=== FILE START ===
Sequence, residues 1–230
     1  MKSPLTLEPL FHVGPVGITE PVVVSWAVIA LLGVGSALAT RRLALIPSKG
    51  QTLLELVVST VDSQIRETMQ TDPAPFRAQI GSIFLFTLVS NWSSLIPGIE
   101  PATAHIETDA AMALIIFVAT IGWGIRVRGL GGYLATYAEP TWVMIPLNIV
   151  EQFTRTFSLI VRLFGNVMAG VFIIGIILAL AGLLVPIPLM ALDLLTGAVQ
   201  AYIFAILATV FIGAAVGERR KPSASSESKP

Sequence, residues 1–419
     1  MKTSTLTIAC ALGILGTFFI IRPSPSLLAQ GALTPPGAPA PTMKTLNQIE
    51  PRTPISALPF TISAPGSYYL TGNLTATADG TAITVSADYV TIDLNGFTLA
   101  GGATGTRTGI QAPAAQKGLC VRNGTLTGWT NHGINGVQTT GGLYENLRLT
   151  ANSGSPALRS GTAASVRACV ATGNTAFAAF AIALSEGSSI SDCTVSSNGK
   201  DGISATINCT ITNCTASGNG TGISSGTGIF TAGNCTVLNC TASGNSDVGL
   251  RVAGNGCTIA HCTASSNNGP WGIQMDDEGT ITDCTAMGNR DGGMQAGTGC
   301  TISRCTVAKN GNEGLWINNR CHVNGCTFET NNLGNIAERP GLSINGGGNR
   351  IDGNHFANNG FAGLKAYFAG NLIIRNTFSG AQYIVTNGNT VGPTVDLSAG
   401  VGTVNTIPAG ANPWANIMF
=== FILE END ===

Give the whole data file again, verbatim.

Sequence, residues 1–230
     1  MKSPLTLEPL FHVGPVGITE PVVVSWAVIA LLGVGSALAT RRLALIPSKG
    51  QTLLELVVST VDSQIRETMQ TDPAPFRAQI GSIFLFTLVS NWSSLIPGIE
   101  PATAHIETDA AMALIIFVAT IGWGIRVRGL GGYLATYAEP TWVMIPLNIV
   151  EQFTRTFSLI VRLFGNVMAG VFIIGIILAL AGLLVPIPLM ALDLLTGAVQ
   201  AYIFAILATV FIGAAVGERR KPSASSESKP

Sequence, residues 1–419
     1  MKTSTLTIAC ALGILGTFFI IRPSPSLLAQ GALTPPGAPA PTMKTLNQIE
    51  PRTPISALPF TISAPGSYYL TGNLTATADG TAITVSADYV TIDLNGFTLA
   101  GGATGTRTGI QAPAAQKGLC VRNGTLTGWT NHGINGVQTT GGLYENLRLT
   151  ANSGSPALRS GTAASVRACV ATGNTAFAAF AIALSEGSSI SDCTVSSNGK
   201  DGISATINCT ITNCTASGNG TGISSGTGIF TAGNCTVLNC TASGNSDVGL
   251  RVAGNGCTIA HCTASSNNGP WGIQMDDEGT ITDCTAMGNR DGGMQAGTGC
   301  TISRCTVAKN GNEGLWINNR CHVNGCTFET NNLGNIAERP GLSINGGGNR
   351  IDGNHFANNG FAGLKAYFAG NLIIRNTFSG AQYIVTNGNT VGPTVDLSAG
   401  VGTVNTIPAG ANPWANIMF